New code on ads a toothless tiger, say critics
Sydney Morning Herald
April 17, 2008
A MARKETING industry code banning the sexualisation of children and the use of pester power pays little more than lip service to the regulators, health campaigners and child advocates say.
Details of the new children's advertising code were announced yesterday as part of the marketing industry's response to recent attacks on junk-food advertising and alcopop marketing.
"The review has taken note of widespread community concerns, particularly around the sexualisation of children and the portrayal of body image, and we have responded accordingly," said Ian Alwill, chairman of the peak advertiser's body, the Australian Association of National Advertisers.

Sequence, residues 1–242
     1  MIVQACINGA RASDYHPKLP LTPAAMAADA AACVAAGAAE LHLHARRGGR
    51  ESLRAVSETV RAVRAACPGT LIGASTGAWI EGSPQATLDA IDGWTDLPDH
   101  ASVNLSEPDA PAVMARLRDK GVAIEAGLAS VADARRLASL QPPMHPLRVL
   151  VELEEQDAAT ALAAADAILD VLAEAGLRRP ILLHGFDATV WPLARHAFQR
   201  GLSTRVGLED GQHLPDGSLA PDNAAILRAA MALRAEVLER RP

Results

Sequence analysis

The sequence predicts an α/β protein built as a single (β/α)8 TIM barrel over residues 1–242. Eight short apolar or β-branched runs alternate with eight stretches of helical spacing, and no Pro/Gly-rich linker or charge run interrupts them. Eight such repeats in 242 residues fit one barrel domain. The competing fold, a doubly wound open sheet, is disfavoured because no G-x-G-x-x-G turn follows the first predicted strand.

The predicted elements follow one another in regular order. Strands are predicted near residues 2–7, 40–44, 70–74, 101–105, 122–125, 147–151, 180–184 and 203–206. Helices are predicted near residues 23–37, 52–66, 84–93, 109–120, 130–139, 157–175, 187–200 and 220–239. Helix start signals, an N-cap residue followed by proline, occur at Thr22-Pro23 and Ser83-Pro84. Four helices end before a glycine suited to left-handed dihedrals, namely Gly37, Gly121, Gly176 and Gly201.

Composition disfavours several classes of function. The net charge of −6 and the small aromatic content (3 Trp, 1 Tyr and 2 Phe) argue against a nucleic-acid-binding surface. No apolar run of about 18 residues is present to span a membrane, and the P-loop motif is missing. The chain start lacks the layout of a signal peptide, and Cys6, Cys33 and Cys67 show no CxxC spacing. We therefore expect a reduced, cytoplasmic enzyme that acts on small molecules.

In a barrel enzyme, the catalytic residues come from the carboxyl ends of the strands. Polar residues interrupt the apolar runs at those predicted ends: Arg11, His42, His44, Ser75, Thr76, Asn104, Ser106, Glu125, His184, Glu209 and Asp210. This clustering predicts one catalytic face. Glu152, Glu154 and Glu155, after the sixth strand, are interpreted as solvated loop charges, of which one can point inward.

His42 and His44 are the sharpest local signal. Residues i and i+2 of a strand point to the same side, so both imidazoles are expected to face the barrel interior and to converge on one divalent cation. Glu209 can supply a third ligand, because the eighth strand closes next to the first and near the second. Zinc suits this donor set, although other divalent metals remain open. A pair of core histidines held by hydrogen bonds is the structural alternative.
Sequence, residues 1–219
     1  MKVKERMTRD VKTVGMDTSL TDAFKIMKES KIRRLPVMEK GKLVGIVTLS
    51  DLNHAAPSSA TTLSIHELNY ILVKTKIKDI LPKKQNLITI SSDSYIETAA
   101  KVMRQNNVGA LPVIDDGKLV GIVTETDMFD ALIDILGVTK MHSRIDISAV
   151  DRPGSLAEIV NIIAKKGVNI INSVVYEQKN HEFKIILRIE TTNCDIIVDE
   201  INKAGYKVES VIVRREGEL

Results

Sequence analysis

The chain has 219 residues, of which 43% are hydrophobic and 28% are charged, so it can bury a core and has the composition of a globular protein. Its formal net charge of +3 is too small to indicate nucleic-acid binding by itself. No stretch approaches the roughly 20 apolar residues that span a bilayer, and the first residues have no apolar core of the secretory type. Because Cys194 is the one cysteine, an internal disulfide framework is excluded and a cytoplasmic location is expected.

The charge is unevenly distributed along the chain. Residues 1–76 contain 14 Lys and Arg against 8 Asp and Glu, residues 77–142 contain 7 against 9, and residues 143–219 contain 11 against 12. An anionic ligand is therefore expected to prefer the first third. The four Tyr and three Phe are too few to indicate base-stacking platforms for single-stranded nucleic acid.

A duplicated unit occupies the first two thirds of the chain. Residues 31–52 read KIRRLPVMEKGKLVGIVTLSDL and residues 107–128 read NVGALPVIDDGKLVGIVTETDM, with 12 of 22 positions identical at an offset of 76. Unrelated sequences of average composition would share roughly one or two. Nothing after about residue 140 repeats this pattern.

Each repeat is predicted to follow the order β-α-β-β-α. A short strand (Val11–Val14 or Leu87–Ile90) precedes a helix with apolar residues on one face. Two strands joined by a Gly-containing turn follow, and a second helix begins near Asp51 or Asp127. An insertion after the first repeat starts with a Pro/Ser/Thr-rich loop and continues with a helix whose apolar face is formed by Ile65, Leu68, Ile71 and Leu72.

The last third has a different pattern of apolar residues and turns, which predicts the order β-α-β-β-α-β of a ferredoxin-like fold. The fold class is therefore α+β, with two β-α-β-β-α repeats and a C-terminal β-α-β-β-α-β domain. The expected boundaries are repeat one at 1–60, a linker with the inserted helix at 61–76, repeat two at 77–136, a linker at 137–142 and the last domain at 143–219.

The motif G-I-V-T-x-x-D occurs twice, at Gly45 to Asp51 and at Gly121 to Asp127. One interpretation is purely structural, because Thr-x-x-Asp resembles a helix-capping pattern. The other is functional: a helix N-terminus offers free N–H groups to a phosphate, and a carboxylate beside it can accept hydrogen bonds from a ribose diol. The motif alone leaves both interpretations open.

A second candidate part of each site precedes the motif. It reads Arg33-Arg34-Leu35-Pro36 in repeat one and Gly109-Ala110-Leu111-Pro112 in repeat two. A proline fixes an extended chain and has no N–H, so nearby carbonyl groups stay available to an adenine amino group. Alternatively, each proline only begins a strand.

However, it admitted that most companies already refrained from using sexual images of children in their ads, leading one campaigner to question its motives.
"We are struggling to find an ad that would be affected by their clause on the sexualisation of children," Elizabeth Handsley of Young Media Australia said, "and I think it's interesting to note that they are releasing the solution to the problem just as a Senate inquiry is looking into this area."
A Senate inquiry into the wider issue of "corporate pedophilia", pushed by the Democrats leader, Lyn Allison, is getting under way and is due to report at the end of June.
The code also outlaws pester-power ads but Mr Alwill was unable to give an example of one. Sarah MacKay, of the Obesity Policy Coalition, said the code changed little and her organisation would continue to urge government legislation of junk-food marketing to children.